"We are losing miles of our coastline as we speak," Nungesser told ABC's George Stephanopoulos this afternoon.
Engineering experts have said constructing the barrier islands Jindal and Nungesser were talking about would take nine months or more.
Today, BP began its seventh attempt to control the oil leak at the bottom of the Gulf of Mexico after its previous strategies have failed to stem the oil spill.
Underwater robots equipped with a diamond-studded saw began cutting into the drill pipe on the ocean floor this morning, part of a plan to gather oil with yet another containment dome, the third that's been tried, which would siphon the oil to the surface.
"We're not talking about capping the well anymore, we're talking about containing the well," said Adm. Thad Allen at an afternoon press conference, expressing optimism that this latest "cut and cap" strategy can collect at least some of the oil.
The Coast Guard said it could take up to three days before the containment dome is operational. Until then, oil will spew into the Gulf unobstructed, at a rate that could fill an average-size swimming pool every hour or 15 bathtubs every second.
This third attempt with a containment dome comes after previous domes iced up in the freezing 5,000-feet-deep conditions, but this time, experts and government officials hope that a tighter-fitting dome will do a better job.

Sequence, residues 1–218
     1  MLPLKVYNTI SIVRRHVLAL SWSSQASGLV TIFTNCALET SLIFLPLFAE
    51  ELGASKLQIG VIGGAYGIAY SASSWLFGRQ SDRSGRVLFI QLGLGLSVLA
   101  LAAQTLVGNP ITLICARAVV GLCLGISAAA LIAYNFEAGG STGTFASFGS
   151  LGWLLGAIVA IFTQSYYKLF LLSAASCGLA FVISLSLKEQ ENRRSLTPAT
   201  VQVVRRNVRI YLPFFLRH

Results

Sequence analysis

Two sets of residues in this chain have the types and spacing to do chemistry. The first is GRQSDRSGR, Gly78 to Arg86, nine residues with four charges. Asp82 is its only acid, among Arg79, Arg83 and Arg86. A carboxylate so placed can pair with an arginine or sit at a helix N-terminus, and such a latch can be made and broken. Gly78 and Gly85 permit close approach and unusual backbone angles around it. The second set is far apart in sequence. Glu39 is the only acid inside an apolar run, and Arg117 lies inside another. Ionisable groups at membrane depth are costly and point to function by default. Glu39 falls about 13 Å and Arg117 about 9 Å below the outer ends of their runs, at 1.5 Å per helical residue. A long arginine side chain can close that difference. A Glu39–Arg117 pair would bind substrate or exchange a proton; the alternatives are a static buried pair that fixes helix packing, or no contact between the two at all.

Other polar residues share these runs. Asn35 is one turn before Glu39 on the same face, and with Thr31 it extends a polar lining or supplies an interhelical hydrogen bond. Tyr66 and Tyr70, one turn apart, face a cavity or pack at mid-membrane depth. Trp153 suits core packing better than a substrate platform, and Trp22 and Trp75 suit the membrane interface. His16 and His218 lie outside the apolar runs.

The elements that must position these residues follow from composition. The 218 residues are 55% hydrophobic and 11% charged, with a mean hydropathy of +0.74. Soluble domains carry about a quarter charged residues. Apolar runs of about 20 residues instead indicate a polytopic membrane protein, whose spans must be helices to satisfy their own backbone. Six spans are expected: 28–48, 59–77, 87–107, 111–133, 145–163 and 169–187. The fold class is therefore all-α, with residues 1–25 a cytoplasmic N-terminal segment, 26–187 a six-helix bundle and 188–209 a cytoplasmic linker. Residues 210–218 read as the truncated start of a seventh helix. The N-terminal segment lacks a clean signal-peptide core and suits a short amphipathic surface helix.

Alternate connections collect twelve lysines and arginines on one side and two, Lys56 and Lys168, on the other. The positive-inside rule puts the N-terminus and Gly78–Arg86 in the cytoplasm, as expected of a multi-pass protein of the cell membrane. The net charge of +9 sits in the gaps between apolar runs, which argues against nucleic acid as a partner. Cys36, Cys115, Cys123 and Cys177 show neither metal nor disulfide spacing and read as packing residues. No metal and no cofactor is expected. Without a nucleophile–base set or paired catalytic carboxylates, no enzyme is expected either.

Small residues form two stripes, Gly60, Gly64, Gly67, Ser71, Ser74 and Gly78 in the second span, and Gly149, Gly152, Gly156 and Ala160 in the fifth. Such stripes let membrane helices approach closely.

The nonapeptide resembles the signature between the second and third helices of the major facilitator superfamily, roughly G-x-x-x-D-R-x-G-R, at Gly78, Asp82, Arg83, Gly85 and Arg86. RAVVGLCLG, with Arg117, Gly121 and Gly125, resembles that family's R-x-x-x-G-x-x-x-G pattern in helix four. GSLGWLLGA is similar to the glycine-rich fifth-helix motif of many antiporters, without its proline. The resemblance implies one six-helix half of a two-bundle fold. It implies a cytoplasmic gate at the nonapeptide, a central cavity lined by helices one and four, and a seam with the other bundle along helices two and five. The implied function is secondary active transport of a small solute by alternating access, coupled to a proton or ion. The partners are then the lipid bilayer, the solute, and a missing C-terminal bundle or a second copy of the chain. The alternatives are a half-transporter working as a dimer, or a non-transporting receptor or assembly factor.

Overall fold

"My guess is this will be more successful by a large margin than the original insertion pipe," said Eric Smith, associate director of the Tulane Energy Institute.
BP also believes it has learned from its mistakes.
"This is our third containment system we've deployed," BP COO Doug Suttles admitted today. "We've learned a lot from that, and we've applied all the learning from those two to this system, and that's why I'm pretty confident it will work."
If it doesn't work, 20 percent more oil than is already gushing could flow into the Gulf. And even if the technique does work this time, it's still far from a perfect fix. A containment dome offers no hope of permanently plugging the well, and the technique is at the mercy of weather conditions in the Gulf.
June 1 marks the first day of hurricane season, and at this afternoon's press conference Allen acknowledged that BP and the government would have to abandon the plan if a storm comes through, leaving the well spewing into the Gulf.
Forecasters predict this hurricane season to be the most intense since 2005, when Katrina ravaged the Louisiana coast and passed directly over the site where the oil leak began 43 days ago.
A permanent fix won't come until relief wells are completed, which BP and government officials said won't happen until August.
While Obama administration officials, some petroleum experts and BP officials hope that the new "cut and cap" strategy will help contain the oil, many others have lost all faith in BP's ability to perform this surgery and note that is has never been tried at such depths before.
"This is an uncontrolled science experiment which is unprecedented one mile below the sea," Rep. Edward Markey, D-Mass., said.
The fear is that the cap will not fit, and the oil will keep flowing, triggering an environmental domino effect.